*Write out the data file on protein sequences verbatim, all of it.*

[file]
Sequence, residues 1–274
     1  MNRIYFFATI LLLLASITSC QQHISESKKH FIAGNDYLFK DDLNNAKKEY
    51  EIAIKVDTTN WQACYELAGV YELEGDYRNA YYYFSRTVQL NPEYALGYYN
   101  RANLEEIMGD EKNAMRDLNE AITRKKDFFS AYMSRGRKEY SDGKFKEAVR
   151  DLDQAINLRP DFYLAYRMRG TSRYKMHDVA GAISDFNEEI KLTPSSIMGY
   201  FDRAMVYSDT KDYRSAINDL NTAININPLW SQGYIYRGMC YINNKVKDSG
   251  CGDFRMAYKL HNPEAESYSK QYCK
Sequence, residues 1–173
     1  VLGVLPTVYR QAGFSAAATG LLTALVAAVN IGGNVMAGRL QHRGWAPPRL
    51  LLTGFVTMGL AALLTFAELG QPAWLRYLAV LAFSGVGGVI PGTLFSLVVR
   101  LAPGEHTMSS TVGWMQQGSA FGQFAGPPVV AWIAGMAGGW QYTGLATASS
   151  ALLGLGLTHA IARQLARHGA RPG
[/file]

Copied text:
Sequence, residues 1–274
     1  MNRIYFFATI LLLLASITSC QQHISESKKH FIAGNDYLFK DDLNNAKKEY
    51  EIAIKVDTTN WQACYELAGV YELEGDYRNA YYYFSRTVQL NPEYALGYYN
   101  RANLEEIMGD EKNAMRDLNE AITRKKDFFS AYMSRGRKEY SDGKFKEAVR
   151  DLDQAINLRP DFYLAYRMRG TSRYKMHDVA GAISDFNEEI KLTPSSIMGY
   201  FDRAMVYSDT KDYRSAINDL NTAININPLW SQGYIYRGMC YINNKVKDSG
   251  CGDFRMAYKL HNPEAESYSK QYCK
Sequence, residues 1–173
     1  VLGVLPTVYR QAGFSAAATG LLTALVAAVN IGGNVMAGRL QHRGWAPPRL
    51  LLTGFVTMGL AALLTFAELG QPAWLRYLAV LAFSGVGGVI PGTLFSLVVR
   101  LAPGEHTMSS TVGWMQQGSA FGQFAGPPVV AWIAGMAGGW QYTGLATASS
   151  ALLGLGLTHA IARQLARHGA RPG